Qualcomm Agrees to Buy CSR for $2.5 Billion

U.S. Qualcomm Inc (NASDAQ:QCOM) agreed to buy CSR Plc for $2.5 billion, offering what it hopes is a knock-out blow to win the British Bluetooth specialist which is growing in areas like automotive and wearable devices.

Qualcomm, the world's number one mobile chipmaker, has agreed to pay 900 pence a share in cash for CSR, a 56.5 percent premium on the share price before the start of the offer period in August, CSR said on Wednesday.

At that time, the British company rebuffed an approach from U.S. chipmaker Microchip Technology <MCHP.O>, saying its undisclosed offer was not enough. The two had remained in talks to reach a deal, with a deadline imposed by UK regulators for Wednesday.

There is a chance alternative bidders may emerge, Jeffries analyst Robert Lamb told investors in a research note, although he cautioned that the high multiple relative to recent chip mergers which Qualcomm is paying may prove difficult to trump.

"With a firm price now in the open, it could tempt others to play their hand," Lamb said.

Qualcomm Chief Executive Steven M. Mollenkopf said the addition of CSR would allow it to diversify into the markets for short-range, wireless Bluetooth chips and audio processing used in portable audio, automotive controls and wearable devices.

"Combining CSR’s highly advanced offering of connectivity technologies with a strong track record of success in these areas will unlock new opportunities for growth," he said.

Qualcomm, the dominant maker of chips used in smartphones, has been looking to expand beyond the phone market into emerging areas such as wireless home appliances and other connected devices that fly under the banner of "The Internet of Things."

In May, it agreed to acquire Wilocity, a maker of wireless HDMI connections, used to transmit video between computers and displays, and it developed AllJoyn, an open-source platform that allows devices to share information with other nearby devices.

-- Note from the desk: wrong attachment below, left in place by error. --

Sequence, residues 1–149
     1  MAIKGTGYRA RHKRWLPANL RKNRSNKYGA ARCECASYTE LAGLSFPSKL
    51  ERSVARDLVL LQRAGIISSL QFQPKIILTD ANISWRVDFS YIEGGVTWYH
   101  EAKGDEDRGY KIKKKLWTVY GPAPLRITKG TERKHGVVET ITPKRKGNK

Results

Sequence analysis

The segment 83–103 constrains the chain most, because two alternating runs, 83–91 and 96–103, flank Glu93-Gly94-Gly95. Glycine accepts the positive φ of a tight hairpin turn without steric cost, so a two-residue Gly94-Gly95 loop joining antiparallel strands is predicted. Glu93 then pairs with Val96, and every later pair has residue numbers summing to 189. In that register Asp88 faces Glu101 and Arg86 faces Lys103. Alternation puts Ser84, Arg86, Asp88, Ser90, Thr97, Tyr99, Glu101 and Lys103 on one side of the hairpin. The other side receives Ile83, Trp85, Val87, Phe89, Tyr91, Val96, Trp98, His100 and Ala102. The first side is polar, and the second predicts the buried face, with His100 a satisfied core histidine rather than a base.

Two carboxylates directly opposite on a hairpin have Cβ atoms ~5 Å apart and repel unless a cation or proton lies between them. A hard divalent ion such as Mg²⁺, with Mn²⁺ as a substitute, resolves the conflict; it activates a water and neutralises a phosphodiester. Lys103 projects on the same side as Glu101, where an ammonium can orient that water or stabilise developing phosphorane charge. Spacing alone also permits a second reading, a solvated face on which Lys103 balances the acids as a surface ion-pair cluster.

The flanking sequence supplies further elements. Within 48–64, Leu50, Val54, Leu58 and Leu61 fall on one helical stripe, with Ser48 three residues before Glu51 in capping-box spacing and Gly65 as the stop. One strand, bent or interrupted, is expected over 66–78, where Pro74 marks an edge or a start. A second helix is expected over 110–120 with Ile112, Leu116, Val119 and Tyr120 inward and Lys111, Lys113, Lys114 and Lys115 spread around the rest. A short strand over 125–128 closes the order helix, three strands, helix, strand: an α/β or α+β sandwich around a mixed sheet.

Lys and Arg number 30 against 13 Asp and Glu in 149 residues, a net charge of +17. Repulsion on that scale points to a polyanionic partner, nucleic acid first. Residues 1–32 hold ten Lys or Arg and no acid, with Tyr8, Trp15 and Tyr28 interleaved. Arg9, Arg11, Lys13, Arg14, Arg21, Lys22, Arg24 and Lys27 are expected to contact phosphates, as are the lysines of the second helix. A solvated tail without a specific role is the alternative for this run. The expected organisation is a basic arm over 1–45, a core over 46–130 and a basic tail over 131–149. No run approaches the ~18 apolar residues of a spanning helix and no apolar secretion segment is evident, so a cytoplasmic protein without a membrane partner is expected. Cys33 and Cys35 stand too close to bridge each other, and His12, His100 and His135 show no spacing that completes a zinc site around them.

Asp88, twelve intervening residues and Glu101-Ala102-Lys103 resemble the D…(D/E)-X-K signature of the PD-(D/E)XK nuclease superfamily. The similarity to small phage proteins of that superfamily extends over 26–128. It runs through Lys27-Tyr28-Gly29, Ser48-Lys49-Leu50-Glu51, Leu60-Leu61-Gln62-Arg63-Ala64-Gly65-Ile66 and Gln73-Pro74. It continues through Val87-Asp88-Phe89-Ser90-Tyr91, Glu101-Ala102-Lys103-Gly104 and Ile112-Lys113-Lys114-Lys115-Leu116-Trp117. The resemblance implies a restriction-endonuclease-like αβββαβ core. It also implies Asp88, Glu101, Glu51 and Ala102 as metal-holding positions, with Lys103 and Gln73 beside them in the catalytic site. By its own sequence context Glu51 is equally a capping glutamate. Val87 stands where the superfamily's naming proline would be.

CSR Chief Executive Joep van Beurden said the two companies were a good combination.

"If you look at us, we are focused on all the accessories around the phone," he told Reuters.

"In voice and music, we are strong in headsets, soundbars and speaker docks; and we are strong in cars, which more and more are an extension of the phone with infotainment."

Jeffries analyst Lamb labeled the merger "a good fit", advising clients that, "Clearly they (Qualcomm) have gone down the 'buy' rather than 'make' route."

CSR, short for Cambridge Silicon Radio, specializes in connectivity, with its chips used in products such as portable audio speakers and Apple-owned <AAPL.O> Beats headphones. It was a pioneer in the market for wireless Bluetooth technology, which is now mushrooming in popularity for use in wireless audio speakers, network-connected appliances in homes and for use in so-called "connected car" features in autos.

Microchip, a diversified maker of analog and digital chips based in Chandler, Arizona, together with CSR, had announced in late August that they were in preliminary talks on a merger.

Last week, Microchip shocked stock markets worldwide by warning it expected lower quarterly sales and going further to make a sweeping prediction that the chip industry at large was likely to suffer a broad downturn over the coming quarters.

CSR was advised by J.P. Morgan Cazenove and Goldman Sachs, while Qualcomm was advised by Deutsche Bank.